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Pinching Nickels: Pottsgrove Raises Meal Prices

Chartwells Food Services representative Tom Hillanbrand (above) as he talked Tuesday with Pottsgrove school board members, and a selection of healthy cafeteria choices

LOWER POTTSGROVE PA – A 5-cent increase in the price of breakfast and lunch meals to be served next year in all five Pottsgrove School District buildings won approval Tuesday (April 25, 2017) from the Board of School Directors, but not without some added food for thought.

Directors accepted a food service budget proposal for the 2017-2018 academic year created by the its contracted cafeteria operator, Chartwells School Dining Services. To break even on the $1.39 million cost of feeding hundreds of students during the 180-day span of the school year, board members unanimously agreed with Chartwell’s recommendation to raise all meal prices by a nickel.

Beginning in September, students who rely on the cafeteria will pay $3.40 for lunch at the high school, $3.05 for lunch at the middle school, $2.70 for lunch at the elementary schools, and $1.70 for breakfast.

The district doesn’t intend to make money like a restaurant might, Business Administrator David Nester explained. “It’s our focus to break even, to come as close to operating at zero as possible.” Board member Rick Rabinowitz appreciated that sentiment, but observed that “although 5 cents doesn’t sound like much, that’s a fair amount of money over the course of the year for some of our families.”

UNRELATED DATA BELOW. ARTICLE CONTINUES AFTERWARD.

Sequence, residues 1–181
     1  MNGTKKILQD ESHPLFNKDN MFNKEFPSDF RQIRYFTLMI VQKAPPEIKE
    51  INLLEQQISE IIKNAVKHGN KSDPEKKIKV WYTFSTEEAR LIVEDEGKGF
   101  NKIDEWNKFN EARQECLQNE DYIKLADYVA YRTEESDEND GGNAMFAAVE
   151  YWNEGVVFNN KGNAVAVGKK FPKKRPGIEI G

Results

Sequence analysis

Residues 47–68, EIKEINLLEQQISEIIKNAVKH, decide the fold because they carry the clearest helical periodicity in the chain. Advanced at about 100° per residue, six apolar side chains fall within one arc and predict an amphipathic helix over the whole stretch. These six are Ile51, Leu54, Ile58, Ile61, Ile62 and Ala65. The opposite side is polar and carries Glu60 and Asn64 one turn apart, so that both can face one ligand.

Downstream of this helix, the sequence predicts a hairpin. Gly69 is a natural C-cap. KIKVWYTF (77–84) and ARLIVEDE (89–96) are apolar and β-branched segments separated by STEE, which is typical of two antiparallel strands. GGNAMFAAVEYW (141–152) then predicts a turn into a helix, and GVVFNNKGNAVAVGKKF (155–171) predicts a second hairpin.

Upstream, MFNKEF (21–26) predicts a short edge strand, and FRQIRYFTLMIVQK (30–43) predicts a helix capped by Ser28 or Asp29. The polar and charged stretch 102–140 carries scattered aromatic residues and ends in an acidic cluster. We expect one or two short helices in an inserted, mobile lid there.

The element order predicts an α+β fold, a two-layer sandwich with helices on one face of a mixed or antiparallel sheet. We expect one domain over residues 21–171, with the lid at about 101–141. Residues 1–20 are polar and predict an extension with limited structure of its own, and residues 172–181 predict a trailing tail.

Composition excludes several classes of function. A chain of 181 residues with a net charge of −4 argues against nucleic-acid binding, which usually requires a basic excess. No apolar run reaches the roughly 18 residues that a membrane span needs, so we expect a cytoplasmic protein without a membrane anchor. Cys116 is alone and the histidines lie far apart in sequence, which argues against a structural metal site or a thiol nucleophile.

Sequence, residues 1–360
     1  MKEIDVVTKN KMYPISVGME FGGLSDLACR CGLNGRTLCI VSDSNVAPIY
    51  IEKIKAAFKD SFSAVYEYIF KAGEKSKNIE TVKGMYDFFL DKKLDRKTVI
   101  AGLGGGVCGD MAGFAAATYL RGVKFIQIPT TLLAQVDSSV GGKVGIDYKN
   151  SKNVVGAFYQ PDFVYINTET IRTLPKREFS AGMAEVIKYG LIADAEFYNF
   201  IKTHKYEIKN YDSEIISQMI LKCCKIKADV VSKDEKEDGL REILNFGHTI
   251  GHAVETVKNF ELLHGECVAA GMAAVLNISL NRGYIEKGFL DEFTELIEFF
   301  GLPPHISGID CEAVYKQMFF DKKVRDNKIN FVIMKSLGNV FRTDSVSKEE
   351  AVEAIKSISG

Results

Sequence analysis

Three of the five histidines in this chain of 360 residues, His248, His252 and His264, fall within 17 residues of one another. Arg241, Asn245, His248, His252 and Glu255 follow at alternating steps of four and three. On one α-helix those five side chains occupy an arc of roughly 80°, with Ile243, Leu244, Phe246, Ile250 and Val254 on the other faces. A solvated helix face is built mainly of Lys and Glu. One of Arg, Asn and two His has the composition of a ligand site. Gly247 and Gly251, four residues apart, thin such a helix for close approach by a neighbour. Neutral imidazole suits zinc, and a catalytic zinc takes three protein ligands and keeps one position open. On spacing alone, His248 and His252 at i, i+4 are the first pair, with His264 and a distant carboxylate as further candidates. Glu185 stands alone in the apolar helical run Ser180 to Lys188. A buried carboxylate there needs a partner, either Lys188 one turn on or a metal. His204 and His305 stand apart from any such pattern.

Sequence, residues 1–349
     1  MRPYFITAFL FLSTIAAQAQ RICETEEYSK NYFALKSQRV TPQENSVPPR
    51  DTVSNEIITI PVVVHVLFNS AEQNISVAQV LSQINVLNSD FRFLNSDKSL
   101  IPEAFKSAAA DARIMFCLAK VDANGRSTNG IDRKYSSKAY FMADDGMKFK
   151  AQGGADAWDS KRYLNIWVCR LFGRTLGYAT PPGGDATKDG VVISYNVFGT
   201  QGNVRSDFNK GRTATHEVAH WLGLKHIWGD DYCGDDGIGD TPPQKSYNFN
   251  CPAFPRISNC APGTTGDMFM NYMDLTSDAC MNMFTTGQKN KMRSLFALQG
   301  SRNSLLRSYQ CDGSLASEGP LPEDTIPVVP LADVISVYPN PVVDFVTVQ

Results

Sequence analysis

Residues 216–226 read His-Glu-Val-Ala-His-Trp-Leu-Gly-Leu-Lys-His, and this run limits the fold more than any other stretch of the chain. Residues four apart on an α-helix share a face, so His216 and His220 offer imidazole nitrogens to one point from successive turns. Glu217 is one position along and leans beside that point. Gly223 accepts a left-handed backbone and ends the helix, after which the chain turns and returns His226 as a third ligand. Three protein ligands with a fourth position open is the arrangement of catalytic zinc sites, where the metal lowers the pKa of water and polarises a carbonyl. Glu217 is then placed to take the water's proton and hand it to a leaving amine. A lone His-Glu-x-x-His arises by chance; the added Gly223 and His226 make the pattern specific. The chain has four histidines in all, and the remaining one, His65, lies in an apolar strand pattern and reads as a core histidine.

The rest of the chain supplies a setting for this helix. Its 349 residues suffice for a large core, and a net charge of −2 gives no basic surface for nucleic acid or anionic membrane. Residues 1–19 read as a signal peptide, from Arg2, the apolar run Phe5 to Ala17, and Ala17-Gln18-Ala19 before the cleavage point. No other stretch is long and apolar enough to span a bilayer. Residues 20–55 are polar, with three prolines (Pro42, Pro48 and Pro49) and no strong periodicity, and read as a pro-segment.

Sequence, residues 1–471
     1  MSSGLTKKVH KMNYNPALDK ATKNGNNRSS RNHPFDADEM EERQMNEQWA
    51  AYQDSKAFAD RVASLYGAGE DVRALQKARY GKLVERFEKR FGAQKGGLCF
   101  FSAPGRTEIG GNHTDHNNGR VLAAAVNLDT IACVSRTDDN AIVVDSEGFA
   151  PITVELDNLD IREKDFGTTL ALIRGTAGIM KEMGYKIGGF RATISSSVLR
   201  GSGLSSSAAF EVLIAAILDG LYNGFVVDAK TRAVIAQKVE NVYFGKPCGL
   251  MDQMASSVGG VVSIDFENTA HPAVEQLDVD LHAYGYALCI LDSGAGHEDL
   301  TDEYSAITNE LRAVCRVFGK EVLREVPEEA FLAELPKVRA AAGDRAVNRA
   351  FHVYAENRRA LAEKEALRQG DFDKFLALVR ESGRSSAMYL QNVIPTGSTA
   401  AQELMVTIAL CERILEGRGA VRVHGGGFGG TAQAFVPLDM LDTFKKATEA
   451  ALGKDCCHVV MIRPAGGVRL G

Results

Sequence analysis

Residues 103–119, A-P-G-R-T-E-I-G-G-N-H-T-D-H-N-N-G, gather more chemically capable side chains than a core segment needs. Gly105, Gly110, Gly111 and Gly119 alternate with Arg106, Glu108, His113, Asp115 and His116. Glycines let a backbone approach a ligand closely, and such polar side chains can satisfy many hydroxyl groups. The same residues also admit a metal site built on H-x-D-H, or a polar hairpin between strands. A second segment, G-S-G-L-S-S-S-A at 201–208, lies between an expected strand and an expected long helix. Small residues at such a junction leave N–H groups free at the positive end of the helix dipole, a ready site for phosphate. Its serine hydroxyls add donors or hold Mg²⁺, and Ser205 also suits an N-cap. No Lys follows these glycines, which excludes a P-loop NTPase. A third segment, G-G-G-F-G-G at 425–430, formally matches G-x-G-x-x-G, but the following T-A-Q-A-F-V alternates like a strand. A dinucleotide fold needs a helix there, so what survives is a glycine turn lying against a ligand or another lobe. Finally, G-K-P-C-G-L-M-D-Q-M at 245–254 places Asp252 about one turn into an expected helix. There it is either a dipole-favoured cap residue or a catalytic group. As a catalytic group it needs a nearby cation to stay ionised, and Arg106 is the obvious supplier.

A variable in the budget, Chartwells representative Tom Hillanbrand reported, was the still-unknown cost of cafeteria labor. He said his company was currently in negotiations for a new employment contract with its workers, and expected it to be completed by June. There was no indication the price increase would be reversed or lowered if circumstances permitted.

Rabinowitz urged Hillanbrand to take a closer look at the number of servings prepared for what seemed to be students’ favorite dishes. Rabinowitz said he learned some of their choices often were limited to other foods because the most popular meals ran out quickly. Hillanbrand promised he’d check on the problem.

In addition to the overall price hike, the board also agreed to Chartwell’s request to make what it called “minor” price increases to its a la carte menu, or for extra food items like beverages or snacks not usually part of its prepared meals. Those prices were the subject of considerable social media chatter Tuesday, as some parents complained those costs were already too high.

Related (to the Pottsgrove Board of School Directors’ April 25 meeting):

Hillanbrand photo by The Post Publications; food photo from Google Images

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